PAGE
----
In Chapter 9 of his book The New Digital Storytelling, Bryan Alexander considered the possibilities for mobile devices like smartphones, e-readers, and tablets as perhaps “the ultimate digital storytelling device.” Mobile phones, in particular, have become “the most popular computing platform in the world” (p139). Not only have phones made digital resources available to more people around the globe than larger more expensive computers, they’ve also made digital access a more constant part of everyday life for their owners. When creating or adapting stories for mobile devices, however, digital storytellers like historians need to make the most of the platform’s strengths and limitations.
The defining characteristics of mobile devices are their portability, facilitated by small size, and their wireless network connections. Together these attributes allow for “ubiquitous computing,” but they also necessitate a small screen and simplified user interface compared to a desktop or laptop. Rather than regarding these factors as obstacles to effective storytelling, Alexander argues that they make familiar digital stories, whether in the form of games, social media, or texts, “accelerated, amplified, and somewhat mutated” (p142). Mobile storytellers need to streamline visual design and menus to make the most of limited screen space while also considering how on-the-go use of mobile devices might require delivering stories in a more fast-paced or bite-sized format.
Alexander considered different means of packaging and delivering stories for mobile devices, either as apps or mobile-optimized websites. I find websites the more accessible delivery format. It is true that apps can allow advanced features or offline functionality that are hard to implement in a website, but they must also be installed before use, a barrier to casual on-the-go engagement. Furthermore, apps are platform-specific, so developers have to create multiple apps if they hope to reach users of many kinds of devices. Mobile-optimized websites, however, can be accessed immediately with the default browser on just about any computing platform and can provide much of the same storytelling capability of an app.
Media do more than relay messages — they can wield power over perceptions, relationships, and people. Patricia Crain’s essay “Children of Media, Children as Media” illustrates this point. Crain shows how the idea of the optical telegraph, a media innovation of the French Revolution, influenced new theories of childhood education that spread far beyond use of the telegraph itself. At American Indian mission schools in the nineteenth century, the metaphor of the optical telegraph promised to discipline Indian children into messengers of white “civilization,” becoming an instrument of colonial power.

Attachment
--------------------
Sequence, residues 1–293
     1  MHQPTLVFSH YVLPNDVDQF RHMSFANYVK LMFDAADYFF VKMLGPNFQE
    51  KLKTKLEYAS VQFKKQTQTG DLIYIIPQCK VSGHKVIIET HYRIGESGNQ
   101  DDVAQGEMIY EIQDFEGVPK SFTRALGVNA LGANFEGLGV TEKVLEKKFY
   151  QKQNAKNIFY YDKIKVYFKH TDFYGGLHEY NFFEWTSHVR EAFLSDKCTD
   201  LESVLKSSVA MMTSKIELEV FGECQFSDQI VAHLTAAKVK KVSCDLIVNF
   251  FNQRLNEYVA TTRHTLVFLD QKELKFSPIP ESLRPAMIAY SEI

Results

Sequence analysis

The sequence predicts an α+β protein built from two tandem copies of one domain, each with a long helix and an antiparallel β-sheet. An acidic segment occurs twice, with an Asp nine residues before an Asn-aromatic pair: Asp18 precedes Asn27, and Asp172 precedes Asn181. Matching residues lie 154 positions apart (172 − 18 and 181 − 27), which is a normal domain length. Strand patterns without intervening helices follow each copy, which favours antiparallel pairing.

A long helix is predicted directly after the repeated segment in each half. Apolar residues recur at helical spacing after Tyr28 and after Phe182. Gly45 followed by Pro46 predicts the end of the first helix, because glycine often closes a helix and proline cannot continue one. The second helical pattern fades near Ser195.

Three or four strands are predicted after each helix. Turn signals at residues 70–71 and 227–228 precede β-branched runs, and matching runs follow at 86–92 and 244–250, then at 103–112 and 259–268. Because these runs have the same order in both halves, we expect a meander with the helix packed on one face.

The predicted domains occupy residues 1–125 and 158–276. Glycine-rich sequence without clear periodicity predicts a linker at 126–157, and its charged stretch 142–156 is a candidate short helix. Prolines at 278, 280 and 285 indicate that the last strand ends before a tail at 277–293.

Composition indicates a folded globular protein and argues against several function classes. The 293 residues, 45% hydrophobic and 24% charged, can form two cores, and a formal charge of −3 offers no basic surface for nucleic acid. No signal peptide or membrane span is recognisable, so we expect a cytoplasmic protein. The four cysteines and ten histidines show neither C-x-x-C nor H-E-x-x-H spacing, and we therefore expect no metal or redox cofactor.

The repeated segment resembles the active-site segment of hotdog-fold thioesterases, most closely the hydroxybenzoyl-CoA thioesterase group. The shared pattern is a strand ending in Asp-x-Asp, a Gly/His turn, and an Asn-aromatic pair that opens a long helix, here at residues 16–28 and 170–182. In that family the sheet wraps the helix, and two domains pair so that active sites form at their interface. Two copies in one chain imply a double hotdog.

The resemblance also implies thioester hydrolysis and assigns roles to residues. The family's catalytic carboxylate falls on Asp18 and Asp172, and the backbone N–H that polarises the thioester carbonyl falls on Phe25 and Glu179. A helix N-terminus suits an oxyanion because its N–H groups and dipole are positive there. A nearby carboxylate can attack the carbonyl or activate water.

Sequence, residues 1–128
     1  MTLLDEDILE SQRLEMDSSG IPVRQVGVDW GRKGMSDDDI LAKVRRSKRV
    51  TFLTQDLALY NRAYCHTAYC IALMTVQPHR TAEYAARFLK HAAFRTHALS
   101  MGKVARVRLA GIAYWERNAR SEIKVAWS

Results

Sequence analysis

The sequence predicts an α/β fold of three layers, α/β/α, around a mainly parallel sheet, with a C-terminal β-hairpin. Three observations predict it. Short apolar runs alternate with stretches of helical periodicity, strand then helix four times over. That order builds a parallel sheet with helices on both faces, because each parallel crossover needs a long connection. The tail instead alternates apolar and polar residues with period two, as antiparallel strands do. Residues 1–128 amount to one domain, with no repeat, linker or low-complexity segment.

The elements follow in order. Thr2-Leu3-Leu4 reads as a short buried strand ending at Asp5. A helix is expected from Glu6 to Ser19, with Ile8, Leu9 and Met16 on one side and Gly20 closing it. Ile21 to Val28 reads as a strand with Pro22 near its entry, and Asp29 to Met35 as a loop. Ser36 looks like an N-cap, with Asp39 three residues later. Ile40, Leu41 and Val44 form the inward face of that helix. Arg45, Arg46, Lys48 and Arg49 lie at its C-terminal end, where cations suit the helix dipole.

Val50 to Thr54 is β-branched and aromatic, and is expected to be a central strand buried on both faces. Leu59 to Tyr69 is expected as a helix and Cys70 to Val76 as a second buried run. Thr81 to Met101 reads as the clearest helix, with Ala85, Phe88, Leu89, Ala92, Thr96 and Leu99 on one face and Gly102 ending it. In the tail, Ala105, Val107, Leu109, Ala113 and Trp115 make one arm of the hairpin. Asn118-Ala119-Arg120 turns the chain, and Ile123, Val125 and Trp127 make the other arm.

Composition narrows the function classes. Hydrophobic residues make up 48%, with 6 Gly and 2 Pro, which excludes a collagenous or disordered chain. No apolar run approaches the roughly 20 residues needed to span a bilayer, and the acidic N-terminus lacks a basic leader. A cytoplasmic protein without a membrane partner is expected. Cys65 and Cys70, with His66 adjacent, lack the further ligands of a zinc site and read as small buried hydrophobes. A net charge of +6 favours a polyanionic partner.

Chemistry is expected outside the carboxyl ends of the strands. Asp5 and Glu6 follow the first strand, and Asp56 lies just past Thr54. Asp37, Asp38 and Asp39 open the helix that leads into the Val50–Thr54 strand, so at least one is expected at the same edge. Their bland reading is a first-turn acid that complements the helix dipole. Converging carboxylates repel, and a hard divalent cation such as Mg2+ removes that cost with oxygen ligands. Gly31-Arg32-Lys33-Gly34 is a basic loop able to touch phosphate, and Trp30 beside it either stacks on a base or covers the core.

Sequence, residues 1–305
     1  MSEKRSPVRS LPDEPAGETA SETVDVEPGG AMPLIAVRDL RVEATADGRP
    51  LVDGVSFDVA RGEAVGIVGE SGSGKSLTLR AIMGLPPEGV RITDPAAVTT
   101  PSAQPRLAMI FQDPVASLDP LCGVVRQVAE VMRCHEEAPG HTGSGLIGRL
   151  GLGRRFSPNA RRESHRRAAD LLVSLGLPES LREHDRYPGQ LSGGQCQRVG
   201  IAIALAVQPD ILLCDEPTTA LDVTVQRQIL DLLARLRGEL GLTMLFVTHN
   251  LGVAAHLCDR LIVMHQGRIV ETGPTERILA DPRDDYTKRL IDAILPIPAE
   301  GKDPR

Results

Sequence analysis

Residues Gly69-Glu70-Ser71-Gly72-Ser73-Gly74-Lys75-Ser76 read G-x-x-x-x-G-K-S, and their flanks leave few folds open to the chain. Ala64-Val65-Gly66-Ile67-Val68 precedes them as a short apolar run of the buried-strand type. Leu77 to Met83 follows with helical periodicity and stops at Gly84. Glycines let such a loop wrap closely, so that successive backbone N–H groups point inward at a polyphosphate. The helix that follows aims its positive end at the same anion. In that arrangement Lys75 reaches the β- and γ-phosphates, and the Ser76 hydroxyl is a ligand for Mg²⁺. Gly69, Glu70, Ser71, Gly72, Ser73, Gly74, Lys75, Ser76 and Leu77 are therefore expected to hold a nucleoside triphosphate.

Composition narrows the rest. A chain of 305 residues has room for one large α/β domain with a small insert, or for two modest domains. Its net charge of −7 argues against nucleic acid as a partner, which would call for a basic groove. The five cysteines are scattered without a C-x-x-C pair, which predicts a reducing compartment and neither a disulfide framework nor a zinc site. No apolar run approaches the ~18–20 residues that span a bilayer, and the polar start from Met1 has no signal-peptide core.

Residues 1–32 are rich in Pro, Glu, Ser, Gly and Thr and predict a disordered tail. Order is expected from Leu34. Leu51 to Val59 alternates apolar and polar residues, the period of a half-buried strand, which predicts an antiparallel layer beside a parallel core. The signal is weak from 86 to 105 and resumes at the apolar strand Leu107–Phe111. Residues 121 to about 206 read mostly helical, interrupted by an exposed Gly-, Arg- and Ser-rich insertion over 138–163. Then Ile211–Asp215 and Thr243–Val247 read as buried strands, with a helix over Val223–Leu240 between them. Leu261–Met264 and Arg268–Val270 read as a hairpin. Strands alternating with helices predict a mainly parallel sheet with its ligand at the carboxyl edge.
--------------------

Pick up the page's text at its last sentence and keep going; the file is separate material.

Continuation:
A distant precursor to the electric telegraph, optical telegraphs rose like mutant windmills across the countryside of Revolutionary France in the 1790s. Each optical telegraph featured large mechanical shutters that moved into various positions to display semaphore code. French semaphore lines located a telegraph tower every ten kilometers (6 miles), allowing operators with telescopes to receive and then replicate short messages down the line faster than a rider on horseback. By the early 1800s, semaphore lines linked Paris to most major French cities, speeding long distance communication and linking the nation under centralized military command. Optical telegraphs saw more limited use outside France, but Patricia Crain argues that the idea of the visual telegraph in public discourse had wider influence than its actual implementation.
For Joseph Lancaster, an English educational reformer, the metaphor of the visual telegraph held the key to making public education more efficient and widespread. Rather than small classes of students working closely with a teacher, Lancaster proposed the “Monitorial System,” which allowed a single schoolmaster to supervise hundreds of students by appointing advanced pupils as “monitors” to replicate lessons for smaller study groups. Lancaster recommended spacing these groups throughout a large hall around instructional posters that replaced textbooks and allowed many students to share simultaneously in a lesson. A simplified visual “telegraph” made of cards bearing short commands such as “SS” for “Show Slates” allowed the schoolmaster to quickly send instructions throughout the class. Obedience was rewarded with prizes, while those who disobeyed faced public shaming by wearing labels that telegraphed their misdeeds to their peers.